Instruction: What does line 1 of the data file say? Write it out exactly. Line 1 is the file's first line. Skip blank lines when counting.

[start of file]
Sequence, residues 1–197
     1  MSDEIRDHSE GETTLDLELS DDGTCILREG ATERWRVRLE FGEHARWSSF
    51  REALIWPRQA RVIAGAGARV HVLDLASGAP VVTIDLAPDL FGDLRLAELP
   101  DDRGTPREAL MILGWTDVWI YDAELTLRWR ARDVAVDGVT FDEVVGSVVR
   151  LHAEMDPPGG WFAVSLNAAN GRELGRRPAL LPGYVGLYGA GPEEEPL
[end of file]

Sequence, residues 1–197